Expressions of movement & location:

  • Juno enters Jupiter’s orbit
  • ducking through intense belts of violent radiation
  • as it skimmed over the clouds
  • spacecraft on Monday finally clinched its spot in the orbit
  • left it in the grip of its desired orbit
  • spacecraft to enter orbit around Jupiter
  • spacecraft spent eight years there surveying the planet
  • a probe that parachuted into Jupiter’s atmosphere
  • the tools that Juno does to delve into what lies beneath Jupiter’s clouds
  • ensnared by Jupiter’s gravity
  • Juno accelerated quickly to its rendezvous with Jupiter
  • passing within the orbit of Callisto and Ganymede
  • it zoomed past the other two
  • “We’re barreling down on Jupiter really quick”
  • Juno passed over Jupiter’s north pole and through a region
  • electrons bouncing back and forth at nearly the speed of light
  • “They will go right through a spacecraft and strip the atoms apart …”
  • Juno’s main engine began firing to slow the spacecraft enough to be captured by the planet’s gravity.
  • Juno also passed through the plane of Jupiter’s diaphanous rings.
  • even a piece of dust colliding with a spacecraft moving at 130,000 m.p.h.
  • Juno passed within 2,900 miles of Jupiter’s cloud tops.
  •  “what we’re targeting is a space …”
  •  “We’re going to hit that within 1.2 seconds after a journey of 1.7 billion miles.”
  • Then Juno was headed outward again, away from Jupiter.
  • the spacecraft still had to pivot so that
  • it will swing back for its first good close-up
  • Juno will fire its engine again on Oct. 19 to move to a 14-day orbit
  • The spacecraft will have to make multiple flybys
  • each time Juno zooms past Jupiter
  • Juno will pass through the more violent portions
  • Juno is to make a suicidal dive into Jupiter
  • possibility of Juno’s crashing into Europa

The vocabulary referring to tools and instruments is also very useful:
  • Juno's instruments are designed to precisely measure the magnetic and gravitational fields of Jupiter and the glow of microwaves emanating from within. That, for instance, will give hints about storm systems like the visible Great Red Spot.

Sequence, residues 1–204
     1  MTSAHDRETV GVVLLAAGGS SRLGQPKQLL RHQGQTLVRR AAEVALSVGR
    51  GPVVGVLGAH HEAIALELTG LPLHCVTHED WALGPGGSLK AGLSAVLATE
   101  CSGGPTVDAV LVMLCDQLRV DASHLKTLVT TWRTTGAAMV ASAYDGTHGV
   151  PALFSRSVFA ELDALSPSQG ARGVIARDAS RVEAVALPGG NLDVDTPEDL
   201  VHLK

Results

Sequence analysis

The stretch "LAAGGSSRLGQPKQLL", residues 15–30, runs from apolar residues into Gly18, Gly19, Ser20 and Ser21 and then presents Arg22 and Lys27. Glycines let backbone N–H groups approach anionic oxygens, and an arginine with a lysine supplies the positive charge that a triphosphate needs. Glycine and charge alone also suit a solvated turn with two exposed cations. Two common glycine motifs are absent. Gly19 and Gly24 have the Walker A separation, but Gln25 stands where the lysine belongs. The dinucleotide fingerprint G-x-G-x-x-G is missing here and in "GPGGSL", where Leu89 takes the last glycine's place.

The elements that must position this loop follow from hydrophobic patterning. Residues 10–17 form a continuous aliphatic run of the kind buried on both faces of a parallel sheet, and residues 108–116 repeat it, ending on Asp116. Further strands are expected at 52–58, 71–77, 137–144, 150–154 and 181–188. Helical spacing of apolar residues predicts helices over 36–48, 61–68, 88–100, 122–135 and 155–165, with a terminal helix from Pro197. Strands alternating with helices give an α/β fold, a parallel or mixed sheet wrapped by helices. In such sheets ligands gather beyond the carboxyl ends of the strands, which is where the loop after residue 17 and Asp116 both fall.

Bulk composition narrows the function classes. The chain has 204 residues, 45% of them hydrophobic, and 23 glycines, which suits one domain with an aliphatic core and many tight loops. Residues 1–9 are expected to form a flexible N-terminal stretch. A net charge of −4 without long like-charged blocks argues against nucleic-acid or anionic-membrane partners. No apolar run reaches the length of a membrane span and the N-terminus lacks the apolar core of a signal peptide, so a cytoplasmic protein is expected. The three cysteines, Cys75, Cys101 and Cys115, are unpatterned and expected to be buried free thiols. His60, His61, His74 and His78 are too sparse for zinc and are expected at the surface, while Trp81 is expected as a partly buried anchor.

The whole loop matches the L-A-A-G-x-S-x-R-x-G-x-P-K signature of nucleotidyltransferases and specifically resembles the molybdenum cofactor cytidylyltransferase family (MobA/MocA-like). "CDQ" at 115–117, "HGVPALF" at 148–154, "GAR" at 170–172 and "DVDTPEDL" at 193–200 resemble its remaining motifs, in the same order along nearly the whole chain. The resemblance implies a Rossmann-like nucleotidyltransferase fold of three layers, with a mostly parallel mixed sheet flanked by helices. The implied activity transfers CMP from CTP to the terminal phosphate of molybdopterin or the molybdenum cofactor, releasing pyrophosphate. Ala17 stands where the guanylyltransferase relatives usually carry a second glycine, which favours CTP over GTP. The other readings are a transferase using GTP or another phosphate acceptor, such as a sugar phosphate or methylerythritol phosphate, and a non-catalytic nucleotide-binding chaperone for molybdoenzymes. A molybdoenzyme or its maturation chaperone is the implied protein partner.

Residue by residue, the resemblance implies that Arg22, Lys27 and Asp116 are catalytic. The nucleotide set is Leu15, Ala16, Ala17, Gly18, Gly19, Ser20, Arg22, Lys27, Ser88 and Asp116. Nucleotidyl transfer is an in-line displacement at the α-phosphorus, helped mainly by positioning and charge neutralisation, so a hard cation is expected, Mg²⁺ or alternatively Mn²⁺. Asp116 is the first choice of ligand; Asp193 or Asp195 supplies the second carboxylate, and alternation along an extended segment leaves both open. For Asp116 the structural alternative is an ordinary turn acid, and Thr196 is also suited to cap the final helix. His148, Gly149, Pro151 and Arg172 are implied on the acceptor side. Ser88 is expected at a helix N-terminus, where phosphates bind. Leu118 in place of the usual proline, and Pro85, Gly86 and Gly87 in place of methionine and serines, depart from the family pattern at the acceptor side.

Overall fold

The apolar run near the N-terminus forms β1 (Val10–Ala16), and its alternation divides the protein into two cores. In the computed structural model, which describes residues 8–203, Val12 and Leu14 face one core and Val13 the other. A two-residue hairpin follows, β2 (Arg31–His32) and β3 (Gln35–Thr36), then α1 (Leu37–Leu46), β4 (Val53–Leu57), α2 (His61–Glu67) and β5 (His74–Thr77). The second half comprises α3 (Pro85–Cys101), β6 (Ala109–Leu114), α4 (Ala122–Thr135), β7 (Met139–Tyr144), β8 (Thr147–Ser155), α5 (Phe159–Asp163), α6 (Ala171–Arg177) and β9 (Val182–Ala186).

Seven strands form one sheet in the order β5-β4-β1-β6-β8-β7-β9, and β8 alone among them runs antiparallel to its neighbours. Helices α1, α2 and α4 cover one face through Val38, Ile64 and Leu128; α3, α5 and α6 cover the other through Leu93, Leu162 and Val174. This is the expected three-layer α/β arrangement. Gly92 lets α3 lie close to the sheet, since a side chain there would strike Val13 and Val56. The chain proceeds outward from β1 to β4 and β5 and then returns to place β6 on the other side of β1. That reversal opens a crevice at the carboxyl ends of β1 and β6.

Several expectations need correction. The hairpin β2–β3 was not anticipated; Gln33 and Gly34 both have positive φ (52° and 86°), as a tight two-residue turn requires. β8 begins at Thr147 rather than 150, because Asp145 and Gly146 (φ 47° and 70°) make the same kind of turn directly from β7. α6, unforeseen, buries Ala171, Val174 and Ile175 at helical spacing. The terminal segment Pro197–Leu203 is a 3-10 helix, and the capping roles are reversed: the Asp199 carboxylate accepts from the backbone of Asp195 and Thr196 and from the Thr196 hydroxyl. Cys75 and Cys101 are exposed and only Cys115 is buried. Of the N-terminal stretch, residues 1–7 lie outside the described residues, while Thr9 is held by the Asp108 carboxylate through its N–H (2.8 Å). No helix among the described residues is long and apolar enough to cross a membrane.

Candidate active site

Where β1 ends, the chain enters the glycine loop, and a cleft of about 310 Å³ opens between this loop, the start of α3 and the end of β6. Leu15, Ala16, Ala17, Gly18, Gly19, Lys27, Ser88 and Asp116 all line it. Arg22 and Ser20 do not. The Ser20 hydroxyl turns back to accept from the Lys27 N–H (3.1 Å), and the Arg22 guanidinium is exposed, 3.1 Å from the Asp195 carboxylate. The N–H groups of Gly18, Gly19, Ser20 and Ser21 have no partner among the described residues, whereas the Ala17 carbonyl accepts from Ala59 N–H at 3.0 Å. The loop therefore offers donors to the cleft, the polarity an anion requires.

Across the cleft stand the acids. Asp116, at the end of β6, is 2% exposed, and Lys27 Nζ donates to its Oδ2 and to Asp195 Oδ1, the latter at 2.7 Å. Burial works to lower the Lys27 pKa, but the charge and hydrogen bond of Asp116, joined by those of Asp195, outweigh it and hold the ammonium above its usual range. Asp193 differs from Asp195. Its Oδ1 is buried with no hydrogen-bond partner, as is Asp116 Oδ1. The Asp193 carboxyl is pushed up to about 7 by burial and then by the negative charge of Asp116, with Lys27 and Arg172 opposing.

• Juno has been on its own since Thursday, performing a programmed sequence of actions
  • could have knocked out the computer and other electronics
  • a titanium vault built for Juno proved up to the task of
  • Juno's main engine began firing to slow the spacecraft enough to be captured by the planet's gravity.
  • After the end of the engine burn, the spacecraft still had to pivot so that its solar panels were again facing the sun.
  • Juno's three 30-foot-long panels with 18,698 solar cells generate a mere 500 watts to power the spacecraft and its instruments.
  • Its scientific instruments, which had been turned off for the arrival at Jupiter, will be turned back on in two days.
  • Juno will fire its engine again on Oct. 19 to move to a 14-day orbit when the science instruments begin in earnest.
  • The assault of radiation each time Juno zooms past Jupiter will take its toll on the electronics.

Finally, in discussing what could have gone wrong and what it is hoped will be discovered, there is useful vocabulary as well: 
  • Jupiter, most likely the first planet formed after the sun, is believed to hold the keys to understanding the origins of our solar system. How much water it contains and the possible presence of a rocky core could reveal where in the solar system Jupiter was created and provide clues to the early days of other planets.
  • In this belt of radiation, electrons bouncing back and forth at nearly the speed of light could have knocked out the computer and other electronics.
  • Although the mission planners had chosen a place that they thought would be clear, they could not be certain, and even a piece of dust colliding with a spacecraft moving at 130,000 m.p.h. could have caused considerable damage.
  • With a different vantage point from Juno’s polar orbit, Juno’s cameras are likely to add to the number of known moons of Jupiter, now totaling 67. “I expect that we will see some, and the number will keep going up,” Dr. Bolton said.
  • That is to ensure that there would be no possibility of Juno’s crashing into Europa, regarded as one of the likelier places for life elsewhere in the solar system, …
  • Even in the best outcome, the mission might be extended a few months.

For more information about the spacecraft and its mission, the NASA website for Juno is: